We always said we would keep SMD as kind of a side project, which was kind of bullshit, really. That was largely what was paying our bills and we would spend the majority of our time on it. But equally, there would still be plenty of times where James would go and spend three or four months producing an Arctic Monkeys record or a Florence and the Machine record. It's really what we needed back in the Simian days, just a gap. It's an amazing thing for James to be asked to produce the Depeche Mode record, but James has been working at a pretty high level for a long time as a producer. He's really established now, and he's very very good at it.
Towards the end of Whorl, I moved house and set this studio up in my house. I must have spent a good year building that. All of the solo records I've put out since then have been me testing the room out. Every time I come into the studio, there's something to discover. And while James was doing a lot of production, I was doing loads of DJing. Increasingly started to play very late sets, playing with more austere techno artists than we were with before.
It's club music. Right now, I feel it's really great how quite functional techno and noise––the kind of stuff I would have played in a bar in 2006 just to annoy people––seems to be this fruitful area of music that is really adventurous and is challenging the idea of what music can be. The appeal of all those noise guys is that, you don't go there because it's going to press all of your pleasure buttons, you go there because you get this hypnotic sensation from texture. It works at Berghain, but also at a church in London, or at the Jazz Cafe.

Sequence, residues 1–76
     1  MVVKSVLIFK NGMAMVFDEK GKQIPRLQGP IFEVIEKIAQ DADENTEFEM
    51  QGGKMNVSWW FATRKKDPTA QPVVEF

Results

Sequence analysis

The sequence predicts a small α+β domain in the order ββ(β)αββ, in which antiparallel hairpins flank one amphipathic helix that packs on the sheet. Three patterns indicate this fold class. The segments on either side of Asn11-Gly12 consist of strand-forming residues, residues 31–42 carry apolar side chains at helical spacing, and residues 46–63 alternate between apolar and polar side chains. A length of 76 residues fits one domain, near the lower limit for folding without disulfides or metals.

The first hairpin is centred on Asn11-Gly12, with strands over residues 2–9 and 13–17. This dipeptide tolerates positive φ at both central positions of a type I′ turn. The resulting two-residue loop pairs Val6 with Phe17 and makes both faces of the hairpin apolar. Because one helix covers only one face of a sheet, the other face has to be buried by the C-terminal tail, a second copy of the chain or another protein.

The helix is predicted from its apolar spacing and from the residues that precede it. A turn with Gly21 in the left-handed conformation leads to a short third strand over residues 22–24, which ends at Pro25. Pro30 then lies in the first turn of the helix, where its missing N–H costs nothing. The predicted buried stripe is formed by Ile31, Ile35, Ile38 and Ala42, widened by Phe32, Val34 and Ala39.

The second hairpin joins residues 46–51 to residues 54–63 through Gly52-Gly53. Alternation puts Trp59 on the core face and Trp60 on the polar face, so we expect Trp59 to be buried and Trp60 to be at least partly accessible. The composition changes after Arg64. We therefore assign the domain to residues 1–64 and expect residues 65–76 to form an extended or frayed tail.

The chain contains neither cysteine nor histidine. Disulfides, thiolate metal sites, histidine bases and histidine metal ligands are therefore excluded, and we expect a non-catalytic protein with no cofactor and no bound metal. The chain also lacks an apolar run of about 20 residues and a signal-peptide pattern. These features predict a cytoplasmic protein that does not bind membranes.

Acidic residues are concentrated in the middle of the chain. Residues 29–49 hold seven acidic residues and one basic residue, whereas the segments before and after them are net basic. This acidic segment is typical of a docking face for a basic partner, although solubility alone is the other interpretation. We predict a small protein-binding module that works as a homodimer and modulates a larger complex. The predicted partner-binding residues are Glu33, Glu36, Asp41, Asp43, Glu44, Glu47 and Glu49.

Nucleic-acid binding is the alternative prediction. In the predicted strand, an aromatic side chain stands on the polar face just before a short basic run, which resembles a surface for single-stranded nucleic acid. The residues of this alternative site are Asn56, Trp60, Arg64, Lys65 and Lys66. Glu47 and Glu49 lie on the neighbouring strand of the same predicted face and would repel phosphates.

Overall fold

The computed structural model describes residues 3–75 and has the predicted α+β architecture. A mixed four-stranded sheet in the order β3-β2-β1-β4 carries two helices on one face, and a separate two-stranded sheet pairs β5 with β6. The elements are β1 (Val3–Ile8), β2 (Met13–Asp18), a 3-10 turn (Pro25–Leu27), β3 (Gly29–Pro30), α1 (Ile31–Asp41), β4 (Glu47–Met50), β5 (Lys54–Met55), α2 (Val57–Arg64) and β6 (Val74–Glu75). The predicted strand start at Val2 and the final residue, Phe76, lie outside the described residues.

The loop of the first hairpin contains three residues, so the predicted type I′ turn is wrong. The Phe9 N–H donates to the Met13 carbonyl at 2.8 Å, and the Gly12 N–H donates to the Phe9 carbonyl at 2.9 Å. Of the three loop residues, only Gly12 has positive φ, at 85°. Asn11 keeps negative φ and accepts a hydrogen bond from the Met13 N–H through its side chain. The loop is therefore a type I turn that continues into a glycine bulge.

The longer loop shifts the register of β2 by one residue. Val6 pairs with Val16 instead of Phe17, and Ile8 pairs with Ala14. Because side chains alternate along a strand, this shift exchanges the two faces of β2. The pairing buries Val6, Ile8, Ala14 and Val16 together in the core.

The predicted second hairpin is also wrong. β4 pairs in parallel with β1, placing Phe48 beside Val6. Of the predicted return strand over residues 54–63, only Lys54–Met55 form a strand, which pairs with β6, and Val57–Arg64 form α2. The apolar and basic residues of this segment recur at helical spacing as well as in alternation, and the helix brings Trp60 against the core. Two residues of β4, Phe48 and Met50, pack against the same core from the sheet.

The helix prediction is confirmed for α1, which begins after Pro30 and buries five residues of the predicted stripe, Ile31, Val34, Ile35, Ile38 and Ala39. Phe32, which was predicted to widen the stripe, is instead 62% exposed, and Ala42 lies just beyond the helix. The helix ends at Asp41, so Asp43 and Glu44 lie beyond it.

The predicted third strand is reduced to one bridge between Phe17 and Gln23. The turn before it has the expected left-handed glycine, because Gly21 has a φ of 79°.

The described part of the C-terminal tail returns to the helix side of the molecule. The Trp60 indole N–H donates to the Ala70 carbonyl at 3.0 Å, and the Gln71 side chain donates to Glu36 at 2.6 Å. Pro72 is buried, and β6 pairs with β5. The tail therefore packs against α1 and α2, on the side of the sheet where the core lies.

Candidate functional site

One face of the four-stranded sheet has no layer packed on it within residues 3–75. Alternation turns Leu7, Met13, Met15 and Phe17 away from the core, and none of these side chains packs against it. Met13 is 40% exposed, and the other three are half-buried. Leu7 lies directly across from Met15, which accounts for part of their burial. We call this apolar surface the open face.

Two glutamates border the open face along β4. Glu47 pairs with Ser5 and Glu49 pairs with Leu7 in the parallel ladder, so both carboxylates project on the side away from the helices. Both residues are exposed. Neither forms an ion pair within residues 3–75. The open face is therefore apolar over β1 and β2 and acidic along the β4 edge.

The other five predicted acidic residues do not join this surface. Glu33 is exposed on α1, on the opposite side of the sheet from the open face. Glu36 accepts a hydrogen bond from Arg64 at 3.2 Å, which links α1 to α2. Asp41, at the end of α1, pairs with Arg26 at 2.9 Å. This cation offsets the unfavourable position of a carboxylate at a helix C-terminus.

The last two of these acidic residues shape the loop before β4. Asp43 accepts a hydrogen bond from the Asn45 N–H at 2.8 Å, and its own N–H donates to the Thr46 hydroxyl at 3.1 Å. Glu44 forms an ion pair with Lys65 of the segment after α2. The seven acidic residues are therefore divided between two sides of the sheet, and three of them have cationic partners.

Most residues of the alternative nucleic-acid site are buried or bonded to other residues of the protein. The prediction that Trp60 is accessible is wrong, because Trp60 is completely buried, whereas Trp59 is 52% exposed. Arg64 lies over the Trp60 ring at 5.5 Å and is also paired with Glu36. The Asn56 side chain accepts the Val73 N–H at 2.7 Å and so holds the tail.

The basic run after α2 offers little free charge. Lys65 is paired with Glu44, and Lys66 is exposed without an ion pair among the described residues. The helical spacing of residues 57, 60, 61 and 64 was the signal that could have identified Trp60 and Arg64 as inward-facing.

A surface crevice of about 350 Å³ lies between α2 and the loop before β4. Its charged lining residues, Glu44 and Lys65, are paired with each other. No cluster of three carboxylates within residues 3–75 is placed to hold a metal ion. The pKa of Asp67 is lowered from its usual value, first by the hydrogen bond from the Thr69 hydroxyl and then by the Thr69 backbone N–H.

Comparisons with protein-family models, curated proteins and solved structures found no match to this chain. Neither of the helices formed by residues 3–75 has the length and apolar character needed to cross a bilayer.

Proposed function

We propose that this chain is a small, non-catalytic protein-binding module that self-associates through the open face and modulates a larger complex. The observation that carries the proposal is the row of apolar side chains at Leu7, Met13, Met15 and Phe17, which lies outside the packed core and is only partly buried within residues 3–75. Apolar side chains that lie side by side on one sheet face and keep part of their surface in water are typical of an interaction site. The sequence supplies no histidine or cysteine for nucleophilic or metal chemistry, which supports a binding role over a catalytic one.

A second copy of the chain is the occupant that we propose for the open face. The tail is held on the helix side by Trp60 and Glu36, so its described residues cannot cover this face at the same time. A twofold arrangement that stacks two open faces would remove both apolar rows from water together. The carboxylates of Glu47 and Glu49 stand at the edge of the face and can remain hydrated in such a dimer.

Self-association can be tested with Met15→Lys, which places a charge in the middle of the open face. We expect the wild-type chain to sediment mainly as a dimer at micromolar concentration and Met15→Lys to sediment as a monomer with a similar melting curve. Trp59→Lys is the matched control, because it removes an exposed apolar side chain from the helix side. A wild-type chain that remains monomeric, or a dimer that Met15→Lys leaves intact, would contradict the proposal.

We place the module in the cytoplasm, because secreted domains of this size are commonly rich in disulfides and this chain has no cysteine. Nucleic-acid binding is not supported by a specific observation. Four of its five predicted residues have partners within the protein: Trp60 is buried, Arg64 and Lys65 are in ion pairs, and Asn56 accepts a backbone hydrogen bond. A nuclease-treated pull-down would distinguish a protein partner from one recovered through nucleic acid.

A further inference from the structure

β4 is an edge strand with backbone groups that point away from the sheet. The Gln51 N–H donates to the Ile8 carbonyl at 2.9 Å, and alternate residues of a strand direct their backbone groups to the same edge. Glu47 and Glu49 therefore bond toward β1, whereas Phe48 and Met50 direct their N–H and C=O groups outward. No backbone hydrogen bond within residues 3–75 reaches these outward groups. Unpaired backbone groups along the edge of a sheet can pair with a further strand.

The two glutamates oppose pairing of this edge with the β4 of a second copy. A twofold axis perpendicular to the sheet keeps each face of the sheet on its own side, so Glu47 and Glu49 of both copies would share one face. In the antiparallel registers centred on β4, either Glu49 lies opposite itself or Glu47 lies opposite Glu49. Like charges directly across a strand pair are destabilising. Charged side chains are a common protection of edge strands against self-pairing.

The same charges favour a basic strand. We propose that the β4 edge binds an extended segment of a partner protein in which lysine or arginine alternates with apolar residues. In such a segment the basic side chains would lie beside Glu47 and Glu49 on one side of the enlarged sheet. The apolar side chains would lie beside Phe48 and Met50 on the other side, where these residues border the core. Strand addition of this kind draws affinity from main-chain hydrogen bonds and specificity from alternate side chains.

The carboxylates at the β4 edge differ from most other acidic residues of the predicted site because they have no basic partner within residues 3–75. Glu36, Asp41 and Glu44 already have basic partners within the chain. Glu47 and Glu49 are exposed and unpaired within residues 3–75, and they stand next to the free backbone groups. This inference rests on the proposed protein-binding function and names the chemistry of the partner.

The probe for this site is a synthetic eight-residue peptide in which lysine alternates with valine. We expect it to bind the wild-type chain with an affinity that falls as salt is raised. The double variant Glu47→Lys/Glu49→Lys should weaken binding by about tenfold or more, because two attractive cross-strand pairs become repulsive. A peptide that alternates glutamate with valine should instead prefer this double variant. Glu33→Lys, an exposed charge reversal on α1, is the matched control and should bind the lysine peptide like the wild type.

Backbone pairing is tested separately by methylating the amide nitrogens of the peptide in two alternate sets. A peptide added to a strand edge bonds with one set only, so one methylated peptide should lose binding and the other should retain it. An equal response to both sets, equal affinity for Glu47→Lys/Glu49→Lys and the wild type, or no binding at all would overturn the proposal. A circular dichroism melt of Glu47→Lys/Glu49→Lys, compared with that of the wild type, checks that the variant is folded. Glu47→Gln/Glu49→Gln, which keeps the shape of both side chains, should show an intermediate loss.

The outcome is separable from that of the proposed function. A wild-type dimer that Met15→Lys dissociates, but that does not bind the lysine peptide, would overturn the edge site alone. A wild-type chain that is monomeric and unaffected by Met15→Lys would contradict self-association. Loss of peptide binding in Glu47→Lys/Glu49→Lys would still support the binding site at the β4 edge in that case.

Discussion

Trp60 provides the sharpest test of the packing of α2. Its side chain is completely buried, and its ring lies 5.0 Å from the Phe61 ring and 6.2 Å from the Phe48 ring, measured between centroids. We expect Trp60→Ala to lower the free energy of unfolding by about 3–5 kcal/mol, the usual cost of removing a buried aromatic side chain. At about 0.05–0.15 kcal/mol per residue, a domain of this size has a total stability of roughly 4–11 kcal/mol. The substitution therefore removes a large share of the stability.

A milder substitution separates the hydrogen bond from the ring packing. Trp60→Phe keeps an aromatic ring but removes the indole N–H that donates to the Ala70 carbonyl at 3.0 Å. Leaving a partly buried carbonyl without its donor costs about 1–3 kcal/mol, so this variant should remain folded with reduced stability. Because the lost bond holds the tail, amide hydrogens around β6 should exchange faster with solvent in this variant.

"I'm not getting a Berghain tattoo, as much as I love it."
At the moment I've got a massive bee in my bonnet about weird techno and I absolutely love it, but I wouldn't want to tie my colors to the mast. Honestly, having seen through a bunch of different scenes as I felt as passionately about, you just follow your nose. I'm not getting a Berghain tattoo, as much as I love it. You have to just keep finding something new.
I like the idea that, at this point, we can just do whatever we wanna do and people will judge it on what it is. But still, I think we're personae non grata in techno world, partly because of our history. And part of me says––fair play! Yup, we made some poppy music. I kind of like the fact that we've not really settled anywhere. I think it's quite dangerous. We've never really stayed a part of any scene. And it think it's good––or at least, it works for us!